The Carabao and the Encounter of the Law in Nineteenth-Century Philippines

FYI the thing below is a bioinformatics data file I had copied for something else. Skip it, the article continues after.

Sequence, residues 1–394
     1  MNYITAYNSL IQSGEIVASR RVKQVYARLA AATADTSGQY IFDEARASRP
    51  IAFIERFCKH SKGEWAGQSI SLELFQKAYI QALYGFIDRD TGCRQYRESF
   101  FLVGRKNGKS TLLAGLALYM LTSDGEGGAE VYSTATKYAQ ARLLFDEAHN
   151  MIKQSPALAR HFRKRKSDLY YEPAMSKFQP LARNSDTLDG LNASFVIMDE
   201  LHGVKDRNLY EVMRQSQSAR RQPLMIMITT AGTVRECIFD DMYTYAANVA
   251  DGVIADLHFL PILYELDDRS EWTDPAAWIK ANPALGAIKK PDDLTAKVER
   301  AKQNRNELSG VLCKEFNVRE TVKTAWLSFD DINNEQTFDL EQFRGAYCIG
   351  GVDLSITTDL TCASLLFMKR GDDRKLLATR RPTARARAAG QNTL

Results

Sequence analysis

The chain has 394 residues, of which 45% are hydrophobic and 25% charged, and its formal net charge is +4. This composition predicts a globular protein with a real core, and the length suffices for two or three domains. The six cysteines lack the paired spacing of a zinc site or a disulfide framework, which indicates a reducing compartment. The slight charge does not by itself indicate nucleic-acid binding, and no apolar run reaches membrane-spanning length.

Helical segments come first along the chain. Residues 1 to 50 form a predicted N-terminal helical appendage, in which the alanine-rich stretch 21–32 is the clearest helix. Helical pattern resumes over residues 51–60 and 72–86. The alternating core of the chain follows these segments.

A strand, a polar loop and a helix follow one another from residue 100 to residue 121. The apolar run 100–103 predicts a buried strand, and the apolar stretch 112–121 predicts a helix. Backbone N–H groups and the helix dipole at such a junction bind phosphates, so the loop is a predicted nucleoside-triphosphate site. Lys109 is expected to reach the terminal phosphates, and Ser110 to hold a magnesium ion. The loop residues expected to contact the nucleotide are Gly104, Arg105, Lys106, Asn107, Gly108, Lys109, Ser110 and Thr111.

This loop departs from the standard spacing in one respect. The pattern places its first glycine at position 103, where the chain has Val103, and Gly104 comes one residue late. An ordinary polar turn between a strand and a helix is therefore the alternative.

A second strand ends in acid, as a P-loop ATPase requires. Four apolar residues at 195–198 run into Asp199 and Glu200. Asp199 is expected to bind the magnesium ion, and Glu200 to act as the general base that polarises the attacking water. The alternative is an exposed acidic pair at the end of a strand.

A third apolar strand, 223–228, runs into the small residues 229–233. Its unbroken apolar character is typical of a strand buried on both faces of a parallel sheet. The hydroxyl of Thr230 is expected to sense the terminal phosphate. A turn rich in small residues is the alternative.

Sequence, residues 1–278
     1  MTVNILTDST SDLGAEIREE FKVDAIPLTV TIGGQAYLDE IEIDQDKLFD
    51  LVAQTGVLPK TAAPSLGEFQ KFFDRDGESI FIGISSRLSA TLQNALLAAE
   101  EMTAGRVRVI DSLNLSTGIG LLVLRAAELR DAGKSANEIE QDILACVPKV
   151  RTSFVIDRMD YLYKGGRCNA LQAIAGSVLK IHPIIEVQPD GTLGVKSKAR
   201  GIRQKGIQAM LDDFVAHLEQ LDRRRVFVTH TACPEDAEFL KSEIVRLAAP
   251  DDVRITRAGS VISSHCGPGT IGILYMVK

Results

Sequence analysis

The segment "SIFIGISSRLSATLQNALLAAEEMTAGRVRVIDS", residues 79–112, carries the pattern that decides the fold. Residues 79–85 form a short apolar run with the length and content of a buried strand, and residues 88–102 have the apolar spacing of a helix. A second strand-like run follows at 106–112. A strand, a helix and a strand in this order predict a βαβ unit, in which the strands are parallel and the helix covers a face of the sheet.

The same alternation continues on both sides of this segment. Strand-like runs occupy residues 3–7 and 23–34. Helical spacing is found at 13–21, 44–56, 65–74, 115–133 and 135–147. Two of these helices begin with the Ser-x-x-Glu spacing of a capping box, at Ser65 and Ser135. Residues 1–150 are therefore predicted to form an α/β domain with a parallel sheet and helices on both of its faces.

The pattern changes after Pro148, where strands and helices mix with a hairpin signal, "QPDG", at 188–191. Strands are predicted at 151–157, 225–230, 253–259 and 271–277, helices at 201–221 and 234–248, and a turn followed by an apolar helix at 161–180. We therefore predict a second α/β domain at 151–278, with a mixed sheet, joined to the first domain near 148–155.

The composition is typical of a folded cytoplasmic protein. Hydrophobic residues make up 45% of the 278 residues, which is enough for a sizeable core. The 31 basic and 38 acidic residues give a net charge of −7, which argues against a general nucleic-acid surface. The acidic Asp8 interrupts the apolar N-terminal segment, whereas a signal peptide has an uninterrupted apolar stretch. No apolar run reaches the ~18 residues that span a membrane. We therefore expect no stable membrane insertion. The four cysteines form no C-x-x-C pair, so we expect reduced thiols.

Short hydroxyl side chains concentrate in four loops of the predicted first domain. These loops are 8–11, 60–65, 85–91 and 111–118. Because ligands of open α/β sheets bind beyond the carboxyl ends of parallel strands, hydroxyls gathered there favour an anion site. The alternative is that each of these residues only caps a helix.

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The place of the non-human animal in the legal world has been questioned. Animals’ legal status as property has been probed on how to best protect their welfare. While this is significant for animals who are not on the farm, it might not be effective when considering animals raised for food. The case of the carabao, or the water buffalo, in the Philippines is seen as a hybrid. This article traces the development of the carabao in Philippine history during the nineteenth century. Through historical, archival, and legal research on animals, the carabao is situated as private property. Colonial instruments of control were introduced to protect the carabao from criminals. In its proper historical context, the classification of carabaos as property indeed highlighted the animal’s status as legally owned, which did not necessarily demean the animal’s relationship with the human peasant nor the carabao’s quality as an animal.